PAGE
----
Your baby often grasps one hand with the other or, as this image shows, grasps a foot. This helps with important sensory feedback to the brain as the nerves within the brain start to mature and become insulated along their length to carry signals more effectively.
It's recommended that your baby sleeps in the same room as you for the first six months, but many parents-to-be still like to prepare the baby's bedroom. This room can still be used for the baby's clothes and any newborn gifts you're given. You might also want to breast-feed, and set up a diaper-changing area in there.
Check out garage sales and eBay for second-hand baby equipment. This can be a good opportunity to buy some bigger items at a reduced price. If you do buy a second-hand crib, make sure it's certified by the Juvenile Product Manufacturers Association and that the slats are no more than 23/8 in apart. Hand-me down clothes, sheets, and towels also save money. If this isn't your first baby you may find that you have more or less everything you need, except for disposables, such as diapers (unless you are using cloth diapers-see Choosing diapers).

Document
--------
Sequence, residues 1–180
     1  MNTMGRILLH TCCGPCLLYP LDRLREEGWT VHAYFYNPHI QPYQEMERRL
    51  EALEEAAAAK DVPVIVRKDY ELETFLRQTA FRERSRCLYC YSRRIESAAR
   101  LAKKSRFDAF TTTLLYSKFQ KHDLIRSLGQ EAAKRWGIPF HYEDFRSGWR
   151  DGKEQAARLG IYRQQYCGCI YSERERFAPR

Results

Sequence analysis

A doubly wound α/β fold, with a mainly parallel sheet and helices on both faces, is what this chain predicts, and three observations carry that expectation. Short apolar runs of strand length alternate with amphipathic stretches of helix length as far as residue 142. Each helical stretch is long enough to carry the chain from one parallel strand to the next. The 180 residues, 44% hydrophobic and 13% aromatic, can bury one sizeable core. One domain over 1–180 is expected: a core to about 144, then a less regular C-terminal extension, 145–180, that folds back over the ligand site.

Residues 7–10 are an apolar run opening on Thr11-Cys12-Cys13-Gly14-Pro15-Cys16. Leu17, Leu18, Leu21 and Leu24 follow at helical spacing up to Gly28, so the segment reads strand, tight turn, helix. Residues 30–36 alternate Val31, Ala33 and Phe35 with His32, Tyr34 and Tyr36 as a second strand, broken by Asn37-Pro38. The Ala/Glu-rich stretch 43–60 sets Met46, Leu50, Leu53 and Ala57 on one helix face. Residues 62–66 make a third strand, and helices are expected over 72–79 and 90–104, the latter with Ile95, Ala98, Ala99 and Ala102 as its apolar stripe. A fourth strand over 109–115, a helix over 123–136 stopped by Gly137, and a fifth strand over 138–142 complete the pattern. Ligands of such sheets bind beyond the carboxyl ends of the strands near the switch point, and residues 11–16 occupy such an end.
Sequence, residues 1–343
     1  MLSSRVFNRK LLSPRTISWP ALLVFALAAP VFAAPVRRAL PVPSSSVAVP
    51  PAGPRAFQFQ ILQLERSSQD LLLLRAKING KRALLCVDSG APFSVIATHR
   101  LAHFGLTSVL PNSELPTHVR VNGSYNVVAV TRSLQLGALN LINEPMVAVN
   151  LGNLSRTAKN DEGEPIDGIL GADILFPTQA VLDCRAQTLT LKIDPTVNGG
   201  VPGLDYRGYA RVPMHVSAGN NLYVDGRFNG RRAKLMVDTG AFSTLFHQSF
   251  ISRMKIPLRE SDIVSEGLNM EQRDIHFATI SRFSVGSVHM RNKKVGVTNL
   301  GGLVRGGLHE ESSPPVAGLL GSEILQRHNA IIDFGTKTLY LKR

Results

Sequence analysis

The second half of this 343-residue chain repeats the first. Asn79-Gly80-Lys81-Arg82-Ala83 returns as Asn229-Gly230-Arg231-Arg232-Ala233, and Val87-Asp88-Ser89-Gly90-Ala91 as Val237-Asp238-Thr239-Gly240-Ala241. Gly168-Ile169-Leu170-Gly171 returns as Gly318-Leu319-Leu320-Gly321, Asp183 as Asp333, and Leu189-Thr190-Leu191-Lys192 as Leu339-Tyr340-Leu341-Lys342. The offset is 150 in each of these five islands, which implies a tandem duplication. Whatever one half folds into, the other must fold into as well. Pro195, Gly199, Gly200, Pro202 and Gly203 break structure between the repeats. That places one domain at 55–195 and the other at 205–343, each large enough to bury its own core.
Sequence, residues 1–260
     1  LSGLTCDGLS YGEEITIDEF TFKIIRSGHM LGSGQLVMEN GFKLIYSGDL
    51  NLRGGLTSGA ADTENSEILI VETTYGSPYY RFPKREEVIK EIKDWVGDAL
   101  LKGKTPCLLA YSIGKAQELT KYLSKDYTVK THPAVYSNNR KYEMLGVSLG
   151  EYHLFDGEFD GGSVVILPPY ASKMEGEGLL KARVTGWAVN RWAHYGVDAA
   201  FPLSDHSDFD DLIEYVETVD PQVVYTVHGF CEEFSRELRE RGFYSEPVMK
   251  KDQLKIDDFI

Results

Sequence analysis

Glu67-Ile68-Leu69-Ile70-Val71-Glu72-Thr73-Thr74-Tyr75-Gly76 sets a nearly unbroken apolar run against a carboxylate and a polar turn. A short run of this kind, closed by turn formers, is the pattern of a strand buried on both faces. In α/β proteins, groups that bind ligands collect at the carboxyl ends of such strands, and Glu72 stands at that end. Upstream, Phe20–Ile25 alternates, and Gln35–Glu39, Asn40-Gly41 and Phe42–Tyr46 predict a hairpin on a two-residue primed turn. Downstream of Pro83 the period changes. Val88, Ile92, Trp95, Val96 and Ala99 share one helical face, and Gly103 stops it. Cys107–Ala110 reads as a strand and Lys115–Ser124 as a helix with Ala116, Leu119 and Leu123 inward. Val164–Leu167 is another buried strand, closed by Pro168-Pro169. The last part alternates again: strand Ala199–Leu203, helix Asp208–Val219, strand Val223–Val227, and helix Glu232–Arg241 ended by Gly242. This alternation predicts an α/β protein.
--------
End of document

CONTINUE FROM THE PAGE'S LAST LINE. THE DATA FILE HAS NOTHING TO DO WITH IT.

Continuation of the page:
Although it's good to be prepared (and sometimes babies do arrive early), remember you won't be trapped in your house forever so you don't need to prepare as if for a siege. If you don't have something you need or you run out, you can always get it after your baby is born.
Most parents-to-be are unsure about the type of stroller they'll need for their baby and, since there are a number of options and types available, this can make choosing the right item difficult. You will need to buy some type of travel equipment for your baby and what you choose will vary depending on your circumstances.
If you mostly drive a car, you may want to consider a car seat that attaches to a carriage, or a car seat and separate travel crib. If you intend to walk a lot, you may find a lightweight stroller more appropriate than a carriage. Keep in mind how long your baby will be in the stroller: it must be comfortable, have a lie-flat option for the first six months, and adjustable seat options as your baby grows. The stroller must also be weatherproof.
If you do a lot of "around town" travel, you might consider a lightweight option in addition to your main system. It's a good idea to take a look around in stores and online to compare different models and get the best price.
Excerpted from Pregnancy Day by Day.
Copyright © 2008 Dorling Kindersley Limited.
Buy this book now!
© 2000-2016 Sandbox Networks, Inc. All Rights Reserved.